Beginner’s Guide to Gibraltar

My friends and I took a day trip to Gibraltar from Málaga. We originally planned on joining an excursion, thinking that was the best possible way to deal with crossing international borders that were unfamiliar to us. But since we waited last minute to book, we ended up missing the last affordable tour we found.

And I’m glad we did!

Rent a Car


Driving to Gibraltar was the best decision we made. Keep in mind that the cheap rental cars have manual transmissions so if you do not know how to drive one, you can either splurge on an automatic (and I mean a couple of  hundreds kind of splurge) or go on a tour.

If you have never rented or driven a car in Europe, don’t fret. It was easy and pretty much just like renting a car in the U.S., maybe even better. And for your sake, get insurance. An additional 14 euros is worth the peace of mind.

Note: Renting a car at the airport includes an additional ‘airport fee’ so always weigh your options.

We found an Enterprise location outside Plaza de la Merced and took a taxi to get there.  It was still cheaper than paying for an additional 40 € for an airport rental.

Getting There


The drive was easy and scenic.  As long as you have directions or a GPS, you should be fine. The good thing with renting a car is that you control your own time. You can stop for food or take a break whenever you want.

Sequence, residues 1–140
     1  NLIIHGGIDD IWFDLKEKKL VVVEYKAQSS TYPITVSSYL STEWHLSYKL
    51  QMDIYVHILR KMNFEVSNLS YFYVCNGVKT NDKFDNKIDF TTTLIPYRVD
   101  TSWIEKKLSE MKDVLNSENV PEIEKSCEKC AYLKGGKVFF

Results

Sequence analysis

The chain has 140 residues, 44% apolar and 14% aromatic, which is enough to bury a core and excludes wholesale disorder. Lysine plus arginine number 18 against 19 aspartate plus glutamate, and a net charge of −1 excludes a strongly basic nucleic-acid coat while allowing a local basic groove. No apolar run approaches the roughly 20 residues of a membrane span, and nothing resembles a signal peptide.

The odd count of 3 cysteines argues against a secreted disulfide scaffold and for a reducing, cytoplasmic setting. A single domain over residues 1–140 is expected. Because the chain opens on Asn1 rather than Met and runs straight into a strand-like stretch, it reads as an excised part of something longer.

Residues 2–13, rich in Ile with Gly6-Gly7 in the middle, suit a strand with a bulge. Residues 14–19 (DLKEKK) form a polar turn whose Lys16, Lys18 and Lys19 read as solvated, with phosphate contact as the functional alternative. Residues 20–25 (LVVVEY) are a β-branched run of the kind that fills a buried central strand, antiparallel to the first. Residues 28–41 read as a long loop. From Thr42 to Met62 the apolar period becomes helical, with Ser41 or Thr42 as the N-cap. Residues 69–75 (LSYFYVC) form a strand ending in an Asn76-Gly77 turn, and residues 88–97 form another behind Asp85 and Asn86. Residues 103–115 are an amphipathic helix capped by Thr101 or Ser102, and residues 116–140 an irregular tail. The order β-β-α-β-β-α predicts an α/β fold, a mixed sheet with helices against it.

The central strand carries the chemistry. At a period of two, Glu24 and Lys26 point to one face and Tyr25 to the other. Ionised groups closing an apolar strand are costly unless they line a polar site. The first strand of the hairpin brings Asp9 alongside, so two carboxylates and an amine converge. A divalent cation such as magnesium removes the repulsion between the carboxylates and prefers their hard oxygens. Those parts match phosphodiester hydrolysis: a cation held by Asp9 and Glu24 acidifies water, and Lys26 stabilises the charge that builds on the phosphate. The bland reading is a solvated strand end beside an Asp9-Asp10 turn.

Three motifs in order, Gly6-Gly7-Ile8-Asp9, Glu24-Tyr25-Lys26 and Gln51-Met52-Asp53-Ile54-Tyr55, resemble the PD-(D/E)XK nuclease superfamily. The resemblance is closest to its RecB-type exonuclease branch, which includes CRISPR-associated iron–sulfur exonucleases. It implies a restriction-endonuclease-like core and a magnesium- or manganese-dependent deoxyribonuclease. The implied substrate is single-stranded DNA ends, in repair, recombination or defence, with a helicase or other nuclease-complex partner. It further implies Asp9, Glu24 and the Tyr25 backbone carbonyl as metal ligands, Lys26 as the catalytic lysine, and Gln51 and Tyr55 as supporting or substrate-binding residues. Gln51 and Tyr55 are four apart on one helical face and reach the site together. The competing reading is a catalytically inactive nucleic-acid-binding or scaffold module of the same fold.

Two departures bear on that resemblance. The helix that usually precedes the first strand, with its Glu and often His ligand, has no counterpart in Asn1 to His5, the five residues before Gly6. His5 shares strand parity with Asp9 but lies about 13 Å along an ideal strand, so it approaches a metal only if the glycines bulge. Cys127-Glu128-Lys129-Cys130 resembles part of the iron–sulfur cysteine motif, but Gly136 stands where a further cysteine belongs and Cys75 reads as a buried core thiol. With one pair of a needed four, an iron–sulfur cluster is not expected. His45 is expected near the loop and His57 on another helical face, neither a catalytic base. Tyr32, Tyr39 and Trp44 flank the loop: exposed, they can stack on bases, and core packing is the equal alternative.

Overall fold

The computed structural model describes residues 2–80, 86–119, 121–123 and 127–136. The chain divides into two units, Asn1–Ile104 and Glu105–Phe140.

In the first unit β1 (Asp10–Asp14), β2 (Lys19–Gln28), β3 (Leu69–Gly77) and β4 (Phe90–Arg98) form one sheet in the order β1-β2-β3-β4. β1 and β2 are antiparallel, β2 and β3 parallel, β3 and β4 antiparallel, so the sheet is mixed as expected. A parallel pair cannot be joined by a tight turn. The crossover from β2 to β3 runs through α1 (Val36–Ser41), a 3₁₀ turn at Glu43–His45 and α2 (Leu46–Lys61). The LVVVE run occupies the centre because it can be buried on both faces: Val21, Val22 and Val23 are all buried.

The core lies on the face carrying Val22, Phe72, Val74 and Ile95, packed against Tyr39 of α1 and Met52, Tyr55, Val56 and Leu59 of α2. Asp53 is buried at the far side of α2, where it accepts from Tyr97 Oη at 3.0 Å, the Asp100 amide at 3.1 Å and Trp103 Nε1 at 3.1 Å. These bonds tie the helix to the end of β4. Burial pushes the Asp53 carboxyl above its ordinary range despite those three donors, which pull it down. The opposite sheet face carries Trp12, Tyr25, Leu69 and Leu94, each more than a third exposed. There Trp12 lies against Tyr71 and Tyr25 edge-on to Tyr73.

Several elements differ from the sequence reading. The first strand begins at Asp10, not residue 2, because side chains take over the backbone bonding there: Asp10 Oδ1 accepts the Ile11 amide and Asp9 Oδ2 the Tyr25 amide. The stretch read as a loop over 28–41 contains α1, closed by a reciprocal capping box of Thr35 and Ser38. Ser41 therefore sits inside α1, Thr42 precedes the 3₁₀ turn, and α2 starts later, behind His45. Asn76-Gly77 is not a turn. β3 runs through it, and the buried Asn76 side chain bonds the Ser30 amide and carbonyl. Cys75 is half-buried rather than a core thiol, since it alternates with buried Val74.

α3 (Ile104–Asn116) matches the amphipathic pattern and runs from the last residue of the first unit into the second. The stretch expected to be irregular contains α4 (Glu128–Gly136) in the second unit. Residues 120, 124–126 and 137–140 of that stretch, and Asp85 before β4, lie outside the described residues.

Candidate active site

It was a two-hour pleasant drive. We arrived at the border around noon and the parking lot was pretty empty. There were no long lines of cars. We also went on a Tuesday so that might have played an important factor compared to driving there on the weekends.


Crossing the border

This was quite an experience! We chose to park before crossing the border because we wanted to walk across the landing strip. Passport control was also pretty smooth and no long queues.

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City Center

It was a pretty long walk from the border to the city center so I suggest taking the bus if you’re not up for it.


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Rock of Gibraltar

You have the option to walk up the rock. Not for me, thanks. We chose to take the cable car up and back down instead. Cable car tickets are 12 €. For more information, visit Rock of Gibraltar.

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This was a priceless view! The Rock of Gibraltar and the Strait of Gibraltar.

The Monkeys

Of course, let’s not forget about the Barbary Macaques! I didn’t go on the nature walk so I didn’t encounter a lot of these troublesome monkeys. Some of them hung out with the visitors and even grabbed someone’s shopping bag.  These monkeys were actually bigger than I thought which was quite worrisome.

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Gibraltar is a British territory, which means they use British pounds although a lot of the restaurants and shops take euros as well.  And because it’s a British territory, food and drinks were more expensive.

This was definitely a great adventure and quite an amazing experience! A pretty big one off my bucket list. Thank you, Gibraltar!

Jen is a Chicago-based traveler and a full-time Director of Development for an arts & culture organization. Originally from Connecticut, she created JetsettingJen as a place to share her travel stories and photos with friends and family. Now, it is a place for adventurers, explorers and dreamers. Its purpose is to inspire and encourage people to see the world and achieve a better work-life balance.